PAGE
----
Attorney General's new criminal sentencing order could have major consequences.

By Sy Mukherjee
May 12, 2017

U.S. Attorney General Jeff Sessions’ wide-ranging new crackdown on drug offenders could exacerbate one of America’s most persistent public health tragedies: the heroin and opioid addiction epidemic that’s been ravaging the country and killed nearly 35,000 Americans in 2015 alone. (On Thursday, the Centers for Disease Control even released a report finding that new hepatitis C infection rates tripled between 2010 and 2015, in large part driven by needle-sharing among heroin addicts.)

In a two-page memo to Justice Department staff released publicly Friday, Sessions ordered federal prosecutors to chase far harsher sentences against criminals. “It is a core principle that prosecutors should charge and pursue the most serious, readily provable offense,” he wrote. “This policy fully utilizes the tools Congress has given us. By definition, the most serious offenses are those that carry the most substantial guidelines sentence, including mandatory-minimum sentences.”

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So what does pursuing the maximum possible sentence for a heroin user look like? Simply possessing any amount of heroin is punishable by a minimum $1,000 fine and up to a year in prison for a first offense; by a third conviction, that rises to a minimum of three months in jail (and potentially up to three years) and a minimum $5,000 fine. But as defense attorney firm Perlmutter & McGuiness points out, simple possession can often induce “intent to distribute” charges regardless of the drug amount involved. These charges carry much harsher penalties.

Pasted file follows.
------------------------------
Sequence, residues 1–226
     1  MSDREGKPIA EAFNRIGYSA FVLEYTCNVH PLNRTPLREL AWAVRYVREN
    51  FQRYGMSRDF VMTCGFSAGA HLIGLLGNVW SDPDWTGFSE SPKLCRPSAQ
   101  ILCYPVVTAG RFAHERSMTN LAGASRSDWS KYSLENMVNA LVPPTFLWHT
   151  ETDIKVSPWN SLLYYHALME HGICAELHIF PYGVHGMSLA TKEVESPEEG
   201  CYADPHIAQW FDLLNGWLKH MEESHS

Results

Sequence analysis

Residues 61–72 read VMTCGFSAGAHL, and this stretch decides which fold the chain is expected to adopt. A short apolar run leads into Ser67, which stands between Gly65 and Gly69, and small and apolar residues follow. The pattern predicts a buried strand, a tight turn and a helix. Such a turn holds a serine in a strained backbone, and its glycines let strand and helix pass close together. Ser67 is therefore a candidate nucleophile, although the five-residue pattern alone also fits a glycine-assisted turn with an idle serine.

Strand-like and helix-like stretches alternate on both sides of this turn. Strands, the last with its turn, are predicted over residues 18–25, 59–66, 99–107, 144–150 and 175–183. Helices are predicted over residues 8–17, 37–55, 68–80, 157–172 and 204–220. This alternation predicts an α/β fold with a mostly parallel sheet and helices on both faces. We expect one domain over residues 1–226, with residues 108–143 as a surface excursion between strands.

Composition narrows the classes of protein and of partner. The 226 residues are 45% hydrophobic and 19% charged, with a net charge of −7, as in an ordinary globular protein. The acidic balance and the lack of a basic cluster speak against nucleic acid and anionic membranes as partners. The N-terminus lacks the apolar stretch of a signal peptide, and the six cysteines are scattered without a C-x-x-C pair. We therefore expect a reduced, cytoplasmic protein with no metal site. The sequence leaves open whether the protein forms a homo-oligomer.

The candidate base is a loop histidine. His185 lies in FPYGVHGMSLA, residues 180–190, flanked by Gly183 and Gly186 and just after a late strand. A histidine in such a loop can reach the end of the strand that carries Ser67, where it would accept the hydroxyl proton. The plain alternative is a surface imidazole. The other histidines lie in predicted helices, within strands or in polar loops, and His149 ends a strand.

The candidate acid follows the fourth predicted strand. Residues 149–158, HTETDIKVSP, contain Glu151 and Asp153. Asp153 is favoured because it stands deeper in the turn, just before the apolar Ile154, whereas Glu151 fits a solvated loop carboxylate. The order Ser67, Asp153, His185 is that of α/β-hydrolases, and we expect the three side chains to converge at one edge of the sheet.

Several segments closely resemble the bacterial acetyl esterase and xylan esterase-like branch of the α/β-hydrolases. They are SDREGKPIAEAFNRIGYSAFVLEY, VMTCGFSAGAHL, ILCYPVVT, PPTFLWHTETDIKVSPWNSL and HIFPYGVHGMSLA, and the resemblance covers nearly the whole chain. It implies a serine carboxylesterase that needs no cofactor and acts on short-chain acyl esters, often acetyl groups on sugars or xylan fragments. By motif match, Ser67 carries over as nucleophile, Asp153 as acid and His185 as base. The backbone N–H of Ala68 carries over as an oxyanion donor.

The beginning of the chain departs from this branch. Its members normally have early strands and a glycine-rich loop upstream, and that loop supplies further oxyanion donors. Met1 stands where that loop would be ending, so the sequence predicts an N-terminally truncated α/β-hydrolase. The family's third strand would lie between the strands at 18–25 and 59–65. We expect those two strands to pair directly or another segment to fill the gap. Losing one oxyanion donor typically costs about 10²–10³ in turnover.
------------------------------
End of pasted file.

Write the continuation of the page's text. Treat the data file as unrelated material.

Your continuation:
Sessions has specifically cited the dangers drugs pose to society as a rationale for stronger sentences. But existing research suggests that incarceration is an ineffective and inefficient road on the path to recovery.

For one, drug offenders have a more than 75% recidivism rate within five years of their release. Part of the reason is that it can take years to access prison rehabilitation programs if you have a longer sentence because people with shorter sentences get priority; despite recent national efforts to make opioid antidotes and addiction treatments more widely accessible, many prisons still don’t have these programs in place, leaving addicts who make it out of prison far more susceptible to relapse.

There’s also the issue of stigma. That’s already a major barrier to people seeking treatment in the first place (as is a dearth of affordable treatment options); but it can be magnified by a conviction and incarceration, which exacerbate a vicious cycle of lackluster employment opportunities, social exclusion, and continued crime and addiction.

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